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    Redox is not a particularly good example of operating system design

    A bold claim that I’d be curious to hear sustantiated.

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      Someone on the reddit post asked much the same thing. Here’s my reply:

      Sure thing. I’m not saying that Redox isn’t a great thing. It was the first project to seriously open up the possibility of writing operating systems in Rust and I will forever be thankful to it for that.

      To elaborate on bad design: there are a number of questionable (at least to me) design decisions. For example, why are schemes designed the way they are? It seems to me like if they want to change the api between usermode and the kernel, they should either go all the way or none of it. Schemes change it a bit, but they don’t reconsider and fix bad design choices in posix and linux.

      Furthermore, Redox is simply not designed for performance. Even the scheduler, one of the most important contributors to the overall performance of a system does far more work than necessary. It exchanges performance for slightly more simplicity, which, when designing an operating system, is rarely the correct choice.

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        I don’t understand how it’s possible pick three here: “full-native speed”, single address space OS (everything in ring 0) and security. I believe you can only pick two.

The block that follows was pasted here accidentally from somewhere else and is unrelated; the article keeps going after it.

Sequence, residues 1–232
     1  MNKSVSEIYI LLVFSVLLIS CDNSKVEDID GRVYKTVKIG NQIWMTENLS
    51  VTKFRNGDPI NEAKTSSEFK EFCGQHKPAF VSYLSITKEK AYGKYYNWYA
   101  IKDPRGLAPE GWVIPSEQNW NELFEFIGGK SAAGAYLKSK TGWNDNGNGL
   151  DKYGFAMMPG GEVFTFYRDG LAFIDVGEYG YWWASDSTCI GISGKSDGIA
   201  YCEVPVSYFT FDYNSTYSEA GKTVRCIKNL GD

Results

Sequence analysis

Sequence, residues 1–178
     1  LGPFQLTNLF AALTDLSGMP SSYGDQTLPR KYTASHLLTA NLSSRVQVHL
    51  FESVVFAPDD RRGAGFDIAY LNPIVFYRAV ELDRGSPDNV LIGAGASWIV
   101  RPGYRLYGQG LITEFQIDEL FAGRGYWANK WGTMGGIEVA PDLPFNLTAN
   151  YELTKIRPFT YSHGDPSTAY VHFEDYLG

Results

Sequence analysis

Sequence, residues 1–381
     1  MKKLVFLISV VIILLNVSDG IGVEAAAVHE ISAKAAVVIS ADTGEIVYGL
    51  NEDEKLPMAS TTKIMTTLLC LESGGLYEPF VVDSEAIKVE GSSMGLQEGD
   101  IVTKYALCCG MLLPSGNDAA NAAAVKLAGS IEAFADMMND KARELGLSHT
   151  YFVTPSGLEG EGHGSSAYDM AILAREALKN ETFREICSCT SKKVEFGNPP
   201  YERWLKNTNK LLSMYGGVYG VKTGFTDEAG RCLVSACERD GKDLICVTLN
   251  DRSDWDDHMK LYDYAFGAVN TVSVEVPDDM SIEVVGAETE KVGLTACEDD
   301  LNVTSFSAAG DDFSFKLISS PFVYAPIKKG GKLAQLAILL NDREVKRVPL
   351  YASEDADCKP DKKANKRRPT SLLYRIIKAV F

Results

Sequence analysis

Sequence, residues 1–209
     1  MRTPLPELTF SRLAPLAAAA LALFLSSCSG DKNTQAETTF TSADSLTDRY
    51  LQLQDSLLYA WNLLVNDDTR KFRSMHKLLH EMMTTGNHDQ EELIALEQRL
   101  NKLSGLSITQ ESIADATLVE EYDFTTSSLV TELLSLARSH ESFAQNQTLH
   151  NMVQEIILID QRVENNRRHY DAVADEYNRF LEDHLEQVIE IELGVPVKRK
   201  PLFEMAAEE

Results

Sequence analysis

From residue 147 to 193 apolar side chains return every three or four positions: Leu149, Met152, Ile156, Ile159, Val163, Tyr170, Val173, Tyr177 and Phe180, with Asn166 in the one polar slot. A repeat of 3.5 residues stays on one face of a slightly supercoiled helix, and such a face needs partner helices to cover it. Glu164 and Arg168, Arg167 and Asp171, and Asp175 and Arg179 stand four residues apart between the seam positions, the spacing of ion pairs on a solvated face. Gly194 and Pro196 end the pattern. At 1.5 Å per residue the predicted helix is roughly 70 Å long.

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          Well, that’s what nebulet is trying to challenge.

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              I haven’t yet read the whole paper but in the conclusion they say that performance was a non-goal. They “also improved message-passing performance by enabling zero-copy communication through pointer passing”. Although I don’t see why zero-copy IPC can’t be implemented in a more traditional OS design.

              The only (performance-related) advantage such design has in my opinion is cheaper context-switching, but I’m not convinced it’s worth it. Time (and benchmarks) will show, I guess.

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                When communication across processes becomes cheaper than posting a message to a queue belonging to another thread in the same process in a more traditional design, I’d say that that’s quite a monstrous “only” benefit.

                I should have drawn your attention to section 2.1 in the original comment, that’s where you original query is addressed. Basically the protection comes from static analysis, a bit like the original Native Client or Java’s bytecode verifier